In a video address to the executive board meeting of the AFL-CIO, Obama blamed the Bush administration for attempting to undermine organized labor, reassuring union leaders that they will always have a "seat at the table" under his presidency.
Obama is supporting a bill in Congress that would triple the amount of non-military aid to Pakistan to $1.5 billion a year. The State Department, meanwhile, intends to establish "benchmarks" for progress on security, despite a Pakistani warning that attaching strings to the aid will not engender much goodwill in Islamabad. Obama has said that Pakistan should focus more on tracking down al-Qaida extremists in its border region with Afghanistan.
The expanded EITC remains intact in the final stimulus bill.
The Environmental Protection Agency solicited public comment on enforcement priorities for fiscal 2011 to 2013, a list that includes CAFOs.
Obama's fiscal 2011 budget says VA will help administer the Virtual Lifetime Electronic Record program with the Defense Department. The budget also includes $200 million to automate processing of veterans benefits.
Adm. Mike Mullen, chairman of the Joint Chiefs of Staff, is confident that the drawdown of 65,000 troops will begin in March after scheduled elections.
A House bill that would lay down strict new trade standards now has the support of more than half the Democratic caucus, reports CongressDaily (subscription). California Democrat George Miller, chairman of the Education and Labor Committee and one of Speaker Nancy Pelosi's top lieutenants, endorsed the bill after a Jan. 8 speech in which he criticized violence against union workers in Colombia and reaffirmed his stance against the U.S.' major trade deals dating back to NAFTA. The bill's sponsor, Democrat Michael Michaud of Maine, said, "I remain hopeful that the administration will embrace a new trade agenda that is forward-thinking and that protects U.S. jobs and businesses."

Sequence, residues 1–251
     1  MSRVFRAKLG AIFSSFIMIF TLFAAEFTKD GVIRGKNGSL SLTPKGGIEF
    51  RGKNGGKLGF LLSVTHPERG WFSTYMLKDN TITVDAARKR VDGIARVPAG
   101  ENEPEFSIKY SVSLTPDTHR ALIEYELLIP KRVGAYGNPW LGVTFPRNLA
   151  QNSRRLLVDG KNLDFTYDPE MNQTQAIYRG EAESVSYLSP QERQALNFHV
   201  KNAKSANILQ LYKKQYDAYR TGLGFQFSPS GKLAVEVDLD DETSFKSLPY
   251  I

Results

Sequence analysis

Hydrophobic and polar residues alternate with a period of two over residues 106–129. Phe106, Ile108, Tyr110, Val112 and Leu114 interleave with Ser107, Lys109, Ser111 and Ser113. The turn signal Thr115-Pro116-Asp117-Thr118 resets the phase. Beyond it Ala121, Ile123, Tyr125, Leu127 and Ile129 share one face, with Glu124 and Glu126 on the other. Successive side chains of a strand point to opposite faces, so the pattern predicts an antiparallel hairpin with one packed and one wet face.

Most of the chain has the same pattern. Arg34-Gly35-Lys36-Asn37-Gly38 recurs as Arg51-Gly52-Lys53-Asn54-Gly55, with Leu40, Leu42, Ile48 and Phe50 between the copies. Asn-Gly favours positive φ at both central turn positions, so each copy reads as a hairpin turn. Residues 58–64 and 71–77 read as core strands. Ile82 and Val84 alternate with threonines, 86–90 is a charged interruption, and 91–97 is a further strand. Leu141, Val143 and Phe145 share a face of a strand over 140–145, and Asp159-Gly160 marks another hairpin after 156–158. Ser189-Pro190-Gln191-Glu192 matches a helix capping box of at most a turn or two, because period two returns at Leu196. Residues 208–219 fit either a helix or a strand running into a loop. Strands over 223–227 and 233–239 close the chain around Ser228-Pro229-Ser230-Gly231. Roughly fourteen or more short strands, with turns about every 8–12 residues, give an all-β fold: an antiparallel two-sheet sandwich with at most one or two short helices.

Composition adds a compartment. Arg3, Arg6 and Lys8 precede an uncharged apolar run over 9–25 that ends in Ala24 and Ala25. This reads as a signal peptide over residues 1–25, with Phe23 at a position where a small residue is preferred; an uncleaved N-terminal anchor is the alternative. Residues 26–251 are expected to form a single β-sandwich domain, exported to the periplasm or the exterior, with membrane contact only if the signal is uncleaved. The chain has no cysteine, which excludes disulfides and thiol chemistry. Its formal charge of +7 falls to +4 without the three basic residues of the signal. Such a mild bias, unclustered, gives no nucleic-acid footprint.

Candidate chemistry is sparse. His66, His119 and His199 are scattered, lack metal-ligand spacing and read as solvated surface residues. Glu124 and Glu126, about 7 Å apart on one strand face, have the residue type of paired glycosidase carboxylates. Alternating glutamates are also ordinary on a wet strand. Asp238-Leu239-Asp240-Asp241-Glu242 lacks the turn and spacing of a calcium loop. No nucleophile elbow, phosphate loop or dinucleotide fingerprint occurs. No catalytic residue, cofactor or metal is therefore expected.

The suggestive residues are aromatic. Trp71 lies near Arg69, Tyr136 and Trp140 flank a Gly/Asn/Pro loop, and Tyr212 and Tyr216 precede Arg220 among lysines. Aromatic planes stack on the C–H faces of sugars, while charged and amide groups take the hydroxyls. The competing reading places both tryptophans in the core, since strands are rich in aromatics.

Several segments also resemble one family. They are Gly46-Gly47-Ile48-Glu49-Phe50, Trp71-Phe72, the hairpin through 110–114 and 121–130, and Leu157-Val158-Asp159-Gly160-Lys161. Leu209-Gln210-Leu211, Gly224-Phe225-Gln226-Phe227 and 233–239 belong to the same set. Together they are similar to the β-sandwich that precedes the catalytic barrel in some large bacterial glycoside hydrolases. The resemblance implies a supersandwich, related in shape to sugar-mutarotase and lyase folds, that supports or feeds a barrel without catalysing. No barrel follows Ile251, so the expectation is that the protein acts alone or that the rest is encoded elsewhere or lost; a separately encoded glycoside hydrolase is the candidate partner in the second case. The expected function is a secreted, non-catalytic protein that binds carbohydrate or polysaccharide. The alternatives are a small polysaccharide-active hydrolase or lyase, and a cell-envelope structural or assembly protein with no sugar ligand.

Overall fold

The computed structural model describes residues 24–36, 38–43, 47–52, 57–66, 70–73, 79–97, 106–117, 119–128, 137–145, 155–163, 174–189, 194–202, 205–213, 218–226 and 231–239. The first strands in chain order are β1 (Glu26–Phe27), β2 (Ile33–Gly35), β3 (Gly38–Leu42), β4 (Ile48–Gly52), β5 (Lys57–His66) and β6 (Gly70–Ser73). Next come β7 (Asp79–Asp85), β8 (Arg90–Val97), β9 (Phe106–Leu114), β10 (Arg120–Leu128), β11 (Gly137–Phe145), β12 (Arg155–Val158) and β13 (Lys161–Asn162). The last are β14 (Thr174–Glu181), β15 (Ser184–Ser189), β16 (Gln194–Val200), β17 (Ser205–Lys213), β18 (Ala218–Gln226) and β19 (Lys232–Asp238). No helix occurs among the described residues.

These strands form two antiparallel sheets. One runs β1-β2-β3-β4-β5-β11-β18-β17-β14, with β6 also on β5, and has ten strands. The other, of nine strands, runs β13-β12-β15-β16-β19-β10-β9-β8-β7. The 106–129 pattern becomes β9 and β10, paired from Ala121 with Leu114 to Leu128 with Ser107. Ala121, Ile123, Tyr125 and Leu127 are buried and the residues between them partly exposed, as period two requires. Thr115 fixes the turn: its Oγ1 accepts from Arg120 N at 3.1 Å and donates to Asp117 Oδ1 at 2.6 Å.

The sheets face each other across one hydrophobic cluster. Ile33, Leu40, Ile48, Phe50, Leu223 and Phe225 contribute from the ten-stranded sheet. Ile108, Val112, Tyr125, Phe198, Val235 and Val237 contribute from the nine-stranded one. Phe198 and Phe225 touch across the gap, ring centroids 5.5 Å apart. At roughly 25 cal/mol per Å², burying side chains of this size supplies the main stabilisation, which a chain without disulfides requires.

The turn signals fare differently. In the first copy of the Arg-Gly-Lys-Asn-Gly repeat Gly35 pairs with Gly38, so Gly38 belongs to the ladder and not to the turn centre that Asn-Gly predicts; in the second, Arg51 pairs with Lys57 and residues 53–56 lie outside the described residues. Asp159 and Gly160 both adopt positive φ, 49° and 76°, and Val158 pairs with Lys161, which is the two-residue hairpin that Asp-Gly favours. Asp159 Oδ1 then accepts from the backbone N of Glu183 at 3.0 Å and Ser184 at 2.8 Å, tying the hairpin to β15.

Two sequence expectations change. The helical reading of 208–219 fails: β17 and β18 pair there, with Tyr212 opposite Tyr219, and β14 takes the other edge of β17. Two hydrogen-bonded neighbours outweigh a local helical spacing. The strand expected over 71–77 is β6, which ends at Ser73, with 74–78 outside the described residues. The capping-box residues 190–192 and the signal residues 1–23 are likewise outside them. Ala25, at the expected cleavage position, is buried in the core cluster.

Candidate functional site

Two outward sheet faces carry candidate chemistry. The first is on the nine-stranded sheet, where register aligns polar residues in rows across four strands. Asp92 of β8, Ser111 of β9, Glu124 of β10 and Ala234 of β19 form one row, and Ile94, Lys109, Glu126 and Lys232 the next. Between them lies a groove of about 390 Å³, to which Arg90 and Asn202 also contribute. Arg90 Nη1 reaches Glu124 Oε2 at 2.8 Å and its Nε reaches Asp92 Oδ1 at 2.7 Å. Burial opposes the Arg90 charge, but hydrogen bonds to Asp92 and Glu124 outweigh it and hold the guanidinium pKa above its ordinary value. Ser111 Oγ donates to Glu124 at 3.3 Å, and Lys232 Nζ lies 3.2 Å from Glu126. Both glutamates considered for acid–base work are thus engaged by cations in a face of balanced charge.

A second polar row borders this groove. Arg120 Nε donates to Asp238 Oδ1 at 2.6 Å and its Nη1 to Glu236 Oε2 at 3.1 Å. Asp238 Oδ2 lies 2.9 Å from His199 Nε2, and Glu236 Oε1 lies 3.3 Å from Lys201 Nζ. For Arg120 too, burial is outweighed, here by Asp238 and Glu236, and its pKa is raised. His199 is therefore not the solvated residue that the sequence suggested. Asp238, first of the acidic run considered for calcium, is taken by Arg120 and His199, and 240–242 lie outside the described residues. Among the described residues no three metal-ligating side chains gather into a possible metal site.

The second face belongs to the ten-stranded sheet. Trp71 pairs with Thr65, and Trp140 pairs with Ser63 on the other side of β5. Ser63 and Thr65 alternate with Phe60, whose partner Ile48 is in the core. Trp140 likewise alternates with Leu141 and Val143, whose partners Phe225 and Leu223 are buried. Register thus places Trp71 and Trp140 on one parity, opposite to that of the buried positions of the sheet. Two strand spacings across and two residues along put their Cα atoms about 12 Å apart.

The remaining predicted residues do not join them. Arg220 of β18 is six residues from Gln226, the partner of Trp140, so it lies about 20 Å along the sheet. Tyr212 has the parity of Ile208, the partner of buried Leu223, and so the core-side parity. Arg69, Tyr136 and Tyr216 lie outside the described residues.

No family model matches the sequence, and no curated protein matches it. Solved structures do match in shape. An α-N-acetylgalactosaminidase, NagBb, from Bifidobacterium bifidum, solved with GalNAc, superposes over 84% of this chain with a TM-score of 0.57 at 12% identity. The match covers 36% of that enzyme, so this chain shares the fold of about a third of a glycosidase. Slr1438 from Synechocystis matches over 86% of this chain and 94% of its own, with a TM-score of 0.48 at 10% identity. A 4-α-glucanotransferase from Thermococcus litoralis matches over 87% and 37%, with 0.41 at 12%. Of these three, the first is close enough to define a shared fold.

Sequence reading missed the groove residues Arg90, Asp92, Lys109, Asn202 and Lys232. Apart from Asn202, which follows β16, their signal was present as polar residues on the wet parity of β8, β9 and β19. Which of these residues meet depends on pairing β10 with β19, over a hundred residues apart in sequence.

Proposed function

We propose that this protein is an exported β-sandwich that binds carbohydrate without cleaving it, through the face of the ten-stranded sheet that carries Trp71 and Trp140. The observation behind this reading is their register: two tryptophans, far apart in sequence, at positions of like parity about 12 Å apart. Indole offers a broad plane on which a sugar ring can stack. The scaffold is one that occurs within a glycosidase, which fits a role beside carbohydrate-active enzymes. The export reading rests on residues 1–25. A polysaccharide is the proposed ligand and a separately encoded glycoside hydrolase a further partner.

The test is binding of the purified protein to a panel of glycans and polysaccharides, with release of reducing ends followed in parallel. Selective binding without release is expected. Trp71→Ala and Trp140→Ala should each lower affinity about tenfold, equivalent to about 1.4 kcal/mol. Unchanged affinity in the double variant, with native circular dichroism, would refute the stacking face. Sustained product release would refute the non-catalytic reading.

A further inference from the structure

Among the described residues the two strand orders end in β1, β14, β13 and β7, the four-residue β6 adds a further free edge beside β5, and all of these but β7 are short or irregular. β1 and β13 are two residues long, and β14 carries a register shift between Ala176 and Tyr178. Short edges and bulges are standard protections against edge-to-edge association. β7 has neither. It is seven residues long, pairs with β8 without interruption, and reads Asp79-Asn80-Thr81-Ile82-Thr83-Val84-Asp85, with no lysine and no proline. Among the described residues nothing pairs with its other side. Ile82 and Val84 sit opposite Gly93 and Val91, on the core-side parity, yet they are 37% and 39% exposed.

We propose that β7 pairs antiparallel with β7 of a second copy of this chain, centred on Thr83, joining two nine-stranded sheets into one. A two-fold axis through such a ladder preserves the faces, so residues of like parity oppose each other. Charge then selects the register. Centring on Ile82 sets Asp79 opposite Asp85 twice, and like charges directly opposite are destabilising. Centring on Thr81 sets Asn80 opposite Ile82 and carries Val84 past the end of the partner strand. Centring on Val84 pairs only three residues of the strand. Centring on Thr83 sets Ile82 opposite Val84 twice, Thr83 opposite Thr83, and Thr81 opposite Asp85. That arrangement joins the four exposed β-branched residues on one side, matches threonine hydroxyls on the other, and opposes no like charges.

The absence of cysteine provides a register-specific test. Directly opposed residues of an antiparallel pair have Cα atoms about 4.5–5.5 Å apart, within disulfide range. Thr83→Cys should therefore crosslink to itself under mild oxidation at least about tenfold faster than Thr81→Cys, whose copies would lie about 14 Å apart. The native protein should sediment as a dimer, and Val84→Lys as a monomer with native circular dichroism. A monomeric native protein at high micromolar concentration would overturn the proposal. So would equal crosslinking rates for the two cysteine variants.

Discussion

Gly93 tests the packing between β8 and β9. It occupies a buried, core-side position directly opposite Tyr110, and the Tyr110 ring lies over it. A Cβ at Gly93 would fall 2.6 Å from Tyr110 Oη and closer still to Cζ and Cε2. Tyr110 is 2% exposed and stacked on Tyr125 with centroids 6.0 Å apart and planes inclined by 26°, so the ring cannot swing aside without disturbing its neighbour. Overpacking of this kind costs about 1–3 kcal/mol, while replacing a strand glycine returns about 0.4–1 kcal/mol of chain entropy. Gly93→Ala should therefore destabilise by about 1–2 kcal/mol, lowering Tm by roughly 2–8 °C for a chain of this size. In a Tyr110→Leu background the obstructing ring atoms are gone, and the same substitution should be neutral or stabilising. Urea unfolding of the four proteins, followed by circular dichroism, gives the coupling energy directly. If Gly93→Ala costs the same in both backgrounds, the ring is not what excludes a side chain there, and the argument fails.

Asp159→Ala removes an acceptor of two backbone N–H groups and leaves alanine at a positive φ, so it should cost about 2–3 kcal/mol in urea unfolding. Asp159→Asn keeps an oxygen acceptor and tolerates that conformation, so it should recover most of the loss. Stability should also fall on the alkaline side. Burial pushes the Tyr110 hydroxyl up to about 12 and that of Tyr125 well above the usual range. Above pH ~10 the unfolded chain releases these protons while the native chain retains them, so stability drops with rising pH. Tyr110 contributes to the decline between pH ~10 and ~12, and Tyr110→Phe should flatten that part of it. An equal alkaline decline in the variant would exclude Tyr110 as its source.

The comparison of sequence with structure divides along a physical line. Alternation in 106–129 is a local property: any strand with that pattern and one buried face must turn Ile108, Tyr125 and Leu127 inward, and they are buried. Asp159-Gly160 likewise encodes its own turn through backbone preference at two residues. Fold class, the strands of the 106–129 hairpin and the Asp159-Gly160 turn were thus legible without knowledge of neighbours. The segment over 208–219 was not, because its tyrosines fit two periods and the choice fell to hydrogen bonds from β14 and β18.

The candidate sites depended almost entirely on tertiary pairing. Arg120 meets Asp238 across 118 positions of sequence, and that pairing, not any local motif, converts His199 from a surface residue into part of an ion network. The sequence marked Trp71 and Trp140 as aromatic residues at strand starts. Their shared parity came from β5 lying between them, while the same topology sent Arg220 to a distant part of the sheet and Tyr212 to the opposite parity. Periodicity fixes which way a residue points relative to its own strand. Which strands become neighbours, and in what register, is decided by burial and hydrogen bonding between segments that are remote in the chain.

Middle East envoy George Mitchell called for a "comprehensive peace" in the region Sunday, one that includes a two-state solution for Israel and Palestine. The former Senate majority leader's comments follow Obama's Mideast junket last week, where he was blunt about the need for concessions from both sides to jumpstart the peace process.
At the G-20 summit, President Obama pushed for and won $1.1 trillion for the International Monetary Fund.
As part of defense appropriations bill, the House approved a repeal of the "don't ask, don't tell" policy largely along party lines. The vote was 229-186, with nine Republicans joining the majority and 26 Democrats voting against.
Defense Secretary Robert Gates endorsed the change when it became clear that Congress would not wait for the completion of a policy review being conducted by the military. The repeal's sudden move up the schedule was reportedly the work of House Speaker Nancy Pelosi.
The Senate Armed Services Committee approved the repeal as part of the appropriations bill as well. But the legislation has not yet headed to the floor.